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More for Less: How Property Taxes Fuel Racial Inequality

Posted on Jan. 25, 2021
Andrew Kahrl
Andrew Kahrl

The Search for Tax Justice is a Tax Notes State series examining the inequities inherent in state and federal taxes.

In this inaugural installment, Andrew Kahrl, professor of history and African American studies at the University of Virginia, explores the history of discriminatory tax practices against Black property owners.

Copyright 2021 Andrew Kahrl.
All rights reserved.

Oliver Wendell Holmes once called taxes “what we pay for civilized society.” Historically, African Americans have been forced to pay a disproportionate share of that cost — no more so than when it comes to property taxes. Almost from the moment that Black people began acquiring property following emancipation, they became subject to discriminatory practices that forced them to pay higher effective tax rates than white people while receiving much less in return. The cumulative effects have been devastating — and mostly gone unrecognized.

Throughout the Jim Crow era (ca. 1890-1965), white tax assessors in the South routinely overassessed Black-owned property relative to white-owned property. In 1916 the average assessment on white-owned farmland in Virginia, for example, was 33.1 percent of market value; for black-owned land, it was 45.3 percent of market value. In towns and cities, white-owned lots were assessed on average at 52.9 percent of market value and Black-owned lots at 58.7 percent. In Brunswick County, Virginia, in 1923, Black-owned land was assessed on average at $17.40 an acre; white-owned land in that county, in contrast, was assessed an average of $15.47 an acre. Black homeowners in southern cities frequently charged that city assessors deliberately overvalued their properties. Discriminatory assessment practices were not limited to real property. Black people’s personal property also tended to be assessed higher, in addition to being more likely to be subject to taxation in the first place.

At the same time, white segregationist governments denied African Americans access to the public services and resources their tax payments supported. White people often justified this — incredibly — on the false notion that Black people paid little in taxes and should therefore be content with whatever crumbs dropped from (white) taxpayers’ plates. Racist depictions of white people as “taxpayers” and black people as “tax moochers” played an instrumental role in the making of Jim Crow and remains a staple of antitax politics among the political right in America today. Indeed, the racist fiction that Black people don’t pay much in taxes has served not only to justify austerity measures that disproportionately hurt Black communities, but also to rationalize the use of regressive forms of taxation or engage in discriminatory practices against Black taxpayers.

Discriminatory assessments against Black property owners did more than drain Black communities of resources. It also made African Americans more vulnerable to property loss via tax delinquency. As they did with assessments, white local officials abused tax laws to force African American owners of valuable property into delinquency, whereupon they took their land and homes and left Black families with nothing. In 1940, NAACP special counsel and future Supreme Court Justice Thurgood Marshall observed that, in the South, tax sales functioned to “depriv[e] Negroes of their property through subterfuge.” Marshall noted instances of local tax officials deliberately neglecting to mail tax bills to some landowners or not recording their tax payments. Once the taxes were past due, Marshall noted, “the property [was] quietly sold at a tax sale without notice to the owners. The Negroes [were] not notified until after the statutory period of redemption has passed. They [were] then forced to leave the property.” This form of racist plunder, Marshall lamented, was “almost completely within the letter of the law.”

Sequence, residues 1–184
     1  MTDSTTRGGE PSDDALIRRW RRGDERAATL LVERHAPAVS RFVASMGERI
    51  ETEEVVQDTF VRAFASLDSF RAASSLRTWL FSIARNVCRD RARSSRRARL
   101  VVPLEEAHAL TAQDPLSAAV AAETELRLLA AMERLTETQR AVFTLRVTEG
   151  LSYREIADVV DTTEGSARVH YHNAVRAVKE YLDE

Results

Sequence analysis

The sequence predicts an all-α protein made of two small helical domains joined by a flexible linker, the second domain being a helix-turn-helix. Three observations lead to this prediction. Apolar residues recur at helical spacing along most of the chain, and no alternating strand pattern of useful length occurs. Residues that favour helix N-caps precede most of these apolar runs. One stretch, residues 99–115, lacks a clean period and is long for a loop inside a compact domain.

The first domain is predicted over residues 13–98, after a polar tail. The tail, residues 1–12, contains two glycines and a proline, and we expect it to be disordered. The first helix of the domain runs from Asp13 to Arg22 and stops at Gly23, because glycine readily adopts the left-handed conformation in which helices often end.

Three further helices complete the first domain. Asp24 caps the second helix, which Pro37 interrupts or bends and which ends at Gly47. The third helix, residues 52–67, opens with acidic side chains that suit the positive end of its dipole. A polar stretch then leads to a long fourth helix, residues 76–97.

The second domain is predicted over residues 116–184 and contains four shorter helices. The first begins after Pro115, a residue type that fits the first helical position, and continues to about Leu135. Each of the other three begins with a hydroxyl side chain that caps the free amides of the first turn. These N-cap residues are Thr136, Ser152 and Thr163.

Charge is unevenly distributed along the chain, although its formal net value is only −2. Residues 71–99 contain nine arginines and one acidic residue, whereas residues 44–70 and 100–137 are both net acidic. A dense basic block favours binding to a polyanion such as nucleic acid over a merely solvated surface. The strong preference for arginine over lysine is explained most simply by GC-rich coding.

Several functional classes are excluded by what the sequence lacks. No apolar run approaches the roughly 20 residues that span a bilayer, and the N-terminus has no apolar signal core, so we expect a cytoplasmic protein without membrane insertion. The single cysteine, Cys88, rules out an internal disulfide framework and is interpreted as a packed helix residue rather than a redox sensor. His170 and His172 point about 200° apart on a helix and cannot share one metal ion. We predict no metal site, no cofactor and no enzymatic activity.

Started during Jim Crow, both racially discriminatory overassessments and tax foreclosures continue to this day. Recent studies1 have found that properties in Black urban neighborhoods continue to be overassessed relative to those in white neighborhoods. And while few local officials today are as brazen as those under Jim Crow, ample evidence suggests that local governments continue to pursue tax foreclosures and conduct tax sales in a discriminatory manner. The fiscal crises facing local governments in recent years has further incentivized them to engage in discriminatory and predatory tax practices that disproportionately affect Black homeowners and small businesses.

It is impossible to fully account for the financial losses that Black America has suffered resulting from discriminatory overassessments and predatory tax foreclosures, but evidence suggests that the costs were — and remain — considerable. By increasing the cost of homeownership, higher-than-average property assessments depressed home values and limited property appreciation. Coupled with racist practices by banks and the real estate industry that segregated housing markets and denied home financing to Black borrowers, higher-than-average property taxes in Black neighborhoods meant that, even when Black people could buy a home, it would cost more and be worth less. Since homeownership remains one of the main sources of wealth for average Americans, this goes far in explaining why the wealth gap stands as the starkest measure of racial inequality, with white Americans possessing eleven times the wealth of Black Americans.